Through these experiences, Jesus learned patience, perseverance, faithfulness, compassion, not reviling in return, contentment, and, yes, even joy. And many other things. Suffering and learning obedience go hand-in-hand, my dear friends. And it is why, I believe, Jesus is able to sympathize so deeply, so closely, so personally with our own sufferings, struggles and trials; and it is why He is able, as our superior High Priest, to help us obey God through them all (Hebrews 4:14-16).

Obedience brings Blessings

In days of old, full obedience brought untold blessings to the Israelites: fertility of the womb and crops, victory over their enemies, abundance of food, being established as God's holy people and treasured possession (Deuteronomy 7:6; 28:1-14).

The Israelites enjoyed many blessings from God when they fully obeyed Him. However, the opposite was true too when they disobeyed. Then, they knew His wrath.

Blessings (makários, "happy, to be envied; properly, when God extends His benefits and advantages) are those benefits and advantages that are only available to those who are in Christ, who have confessed their sins and have appropriated God's free gift of grace through faith in Jesus Christ (Ephesians 2:8-9).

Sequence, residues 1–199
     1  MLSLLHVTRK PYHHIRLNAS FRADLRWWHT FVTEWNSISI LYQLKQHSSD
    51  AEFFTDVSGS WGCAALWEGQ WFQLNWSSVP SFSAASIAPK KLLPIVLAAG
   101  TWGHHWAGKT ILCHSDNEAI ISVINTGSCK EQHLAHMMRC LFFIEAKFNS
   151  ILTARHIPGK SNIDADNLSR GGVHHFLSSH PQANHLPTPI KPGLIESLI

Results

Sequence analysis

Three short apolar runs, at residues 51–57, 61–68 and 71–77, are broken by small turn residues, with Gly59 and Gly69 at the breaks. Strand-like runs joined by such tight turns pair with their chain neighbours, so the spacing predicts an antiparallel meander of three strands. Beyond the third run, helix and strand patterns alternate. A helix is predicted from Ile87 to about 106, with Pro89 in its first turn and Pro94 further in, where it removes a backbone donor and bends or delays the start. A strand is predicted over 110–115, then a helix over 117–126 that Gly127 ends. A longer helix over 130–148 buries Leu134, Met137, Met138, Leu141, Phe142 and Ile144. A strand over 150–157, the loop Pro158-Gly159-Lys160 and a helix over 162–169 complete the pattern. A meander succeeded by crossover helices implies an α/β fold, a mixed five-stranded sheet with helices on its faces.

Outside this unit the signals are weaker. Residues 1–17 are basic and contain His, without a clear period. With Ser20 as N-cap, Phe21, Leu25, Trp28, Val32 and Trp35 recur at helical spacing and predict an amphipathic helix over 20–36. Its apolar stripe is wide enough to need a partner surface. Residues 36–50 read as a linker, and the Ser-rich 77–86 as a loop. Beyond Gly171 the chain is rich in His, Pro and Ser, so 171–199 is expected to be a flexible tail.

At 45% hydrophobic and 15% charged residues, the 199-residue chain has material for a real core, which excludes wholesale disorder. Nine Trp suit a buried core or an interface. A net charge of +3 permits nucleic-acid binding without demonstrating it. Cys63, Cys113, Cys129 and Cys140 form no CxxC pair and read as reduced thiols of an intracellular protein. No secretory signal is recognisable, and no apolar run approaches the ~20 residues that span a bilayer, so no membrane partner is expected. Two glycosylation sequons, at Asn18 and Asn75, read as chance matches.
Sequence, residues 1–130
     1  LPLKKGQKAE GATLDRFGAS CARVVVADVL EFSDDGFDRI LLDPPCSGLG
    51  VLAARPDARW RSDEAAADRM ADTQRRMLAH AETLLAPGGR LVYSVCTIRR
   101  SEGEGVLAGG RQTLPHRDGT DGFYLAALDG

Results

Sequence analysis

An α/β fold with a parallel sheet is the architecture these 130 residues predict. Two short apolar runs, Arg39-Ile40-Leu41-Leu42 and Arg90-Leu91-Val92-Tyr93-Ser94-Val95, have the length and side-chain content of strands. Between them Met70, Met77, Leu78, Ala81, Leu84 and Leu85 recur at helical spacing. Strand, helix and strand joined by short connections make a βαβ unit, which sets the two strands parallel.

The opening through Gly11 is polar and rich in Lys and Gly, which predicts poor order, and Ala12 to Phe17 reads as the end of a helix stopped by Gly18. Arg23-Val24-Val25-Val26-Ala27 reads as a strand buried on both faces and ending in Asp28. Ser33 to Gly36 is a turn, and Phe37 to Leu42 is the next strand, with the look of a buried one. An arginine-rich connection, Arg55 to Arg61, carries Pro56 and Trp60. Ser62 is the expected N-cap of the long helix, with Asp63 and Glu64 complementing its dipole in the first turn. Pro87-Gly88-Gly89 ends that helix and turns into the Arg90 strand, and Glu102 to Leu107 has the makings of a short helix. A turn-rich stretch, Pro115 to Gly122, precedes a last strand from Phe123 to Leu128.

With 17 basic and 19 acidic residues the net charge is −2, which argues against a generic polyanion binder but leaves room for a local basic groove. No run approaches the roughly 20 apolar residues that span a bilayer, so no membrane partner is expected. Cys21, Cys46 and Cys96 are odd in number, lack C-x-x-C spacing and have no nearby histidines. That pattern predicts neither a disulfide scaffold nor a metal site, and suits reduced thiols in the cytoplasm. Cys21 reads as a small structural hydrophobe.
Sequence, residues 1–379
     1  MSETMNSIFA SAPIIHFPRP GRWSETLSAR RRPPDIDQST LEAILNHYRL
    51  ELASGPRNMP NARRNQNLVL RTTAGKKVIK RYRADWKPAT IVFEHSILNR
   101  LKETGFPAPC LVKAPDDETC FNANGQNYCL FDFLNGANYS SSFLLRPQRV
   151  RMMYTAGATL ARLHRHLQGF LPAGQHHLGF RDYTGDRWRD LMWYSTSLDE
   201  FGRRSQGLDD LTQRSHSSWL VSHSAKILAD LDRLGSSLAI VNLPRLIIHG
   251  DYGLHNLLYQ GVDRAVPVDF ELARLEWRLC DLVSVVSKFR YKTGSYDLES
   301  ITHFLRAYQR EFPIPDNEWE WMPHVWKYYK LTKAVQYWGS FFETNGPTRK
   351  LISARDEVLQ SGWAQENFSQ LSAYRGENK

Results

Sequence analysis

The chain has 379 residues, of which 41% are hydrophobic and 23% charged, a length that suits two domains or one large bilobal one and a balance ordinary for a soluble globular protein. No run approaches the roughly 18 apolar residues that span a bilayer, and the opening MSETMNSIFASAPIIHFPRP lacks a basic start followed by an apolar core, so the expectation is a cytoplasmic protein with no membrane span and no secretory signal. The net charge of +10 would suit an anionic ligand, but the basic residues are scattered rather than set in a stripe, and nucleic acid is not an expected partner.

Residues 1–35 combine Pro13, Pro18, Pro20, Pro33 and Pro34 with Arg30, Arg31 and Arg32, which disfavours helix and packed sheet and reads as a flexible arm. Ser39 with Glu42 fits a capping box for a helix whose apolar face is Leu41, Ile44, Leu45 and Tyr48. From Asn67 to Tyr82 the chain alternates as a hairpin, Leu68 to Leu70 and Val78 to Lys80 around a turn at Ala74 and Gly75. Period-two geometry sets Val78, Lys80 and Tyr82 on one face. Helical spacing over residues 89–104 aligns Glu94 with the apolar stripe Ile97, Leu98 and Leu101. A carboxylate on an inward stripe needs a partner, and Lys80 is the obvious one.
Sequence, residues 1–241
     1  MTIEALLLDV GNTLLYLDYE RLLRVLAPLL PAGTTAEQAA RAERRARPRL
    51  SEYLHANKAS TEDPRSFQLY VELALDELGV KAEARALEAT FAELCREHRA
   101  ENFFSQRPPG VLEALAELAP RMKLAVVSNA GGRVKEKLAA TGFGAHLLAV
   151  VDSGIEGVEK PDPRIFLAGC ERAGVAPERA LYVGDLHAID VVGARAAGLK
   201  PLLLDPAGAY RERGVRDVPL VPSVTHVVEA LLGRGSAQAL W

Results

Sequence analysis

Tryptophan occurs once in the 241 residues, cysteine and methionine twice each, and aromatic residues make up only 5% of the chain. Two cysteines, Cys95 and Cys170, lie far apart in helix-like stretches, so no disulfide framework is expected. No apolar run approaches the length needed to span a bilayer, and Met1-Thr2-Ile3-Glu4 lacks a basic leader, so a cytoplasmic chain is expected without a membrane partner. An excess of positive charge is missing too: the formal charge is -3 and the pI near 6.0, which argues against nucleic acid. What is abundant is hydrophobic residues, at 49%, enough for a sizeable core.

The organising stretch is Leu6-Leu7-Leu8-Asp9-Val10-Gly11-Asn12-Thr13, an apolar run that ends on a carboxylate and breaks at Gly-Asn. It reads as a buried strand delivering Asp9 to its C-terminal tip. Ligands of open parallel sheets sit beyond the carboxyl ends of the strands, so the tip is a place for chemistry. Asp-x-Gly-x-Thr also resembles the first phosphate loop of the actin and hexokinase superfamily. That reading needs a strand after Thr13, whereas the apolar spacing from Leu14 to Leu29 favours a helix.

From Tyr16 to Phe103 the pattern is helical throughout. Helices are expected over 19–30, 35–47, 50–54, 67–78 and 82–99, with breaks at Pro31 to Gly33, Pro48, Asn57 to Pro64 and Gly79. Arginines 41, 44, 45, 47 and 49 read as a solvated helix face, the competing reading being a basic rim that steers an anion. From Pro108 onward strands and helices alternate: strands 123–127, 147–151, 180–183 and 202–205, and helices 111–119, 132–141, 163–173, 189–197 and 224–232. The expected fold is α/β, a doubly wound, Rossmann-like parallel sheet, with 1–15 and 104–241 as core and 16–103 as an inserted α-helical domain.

Sometimes our blessings are tangible ones, like with the Israelites; other times they are intangible, but just as important: salvation, sanctification, justification, peace, contentment, joy, love, etc.

Some of our blessings are for the here and now (family, jobs, homes, etc.), others await us in the hereafter: the crown of life, the Tree of Life, eternal existence, rewards, banquets, and the most important blessing of all, that of being in God's presence (Revelation 22:14).

Obedience is a state of mind, a desire of the heart. We have to want to obey, not merely for the blessings, or out of compulsion, but out of love, devotion, and a desire to please the One who saved us from our sins and gave us every blessing imaginable and innumerable (Ephesians 1:3).

For more on obedience, please see "Why is obedience to God important?"

Image Credit: WenPhotos; untitled; Creative Commons

TagsBiblical-Truth  | Christian-Life  | Jesus-Christ

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Published on 5-15-17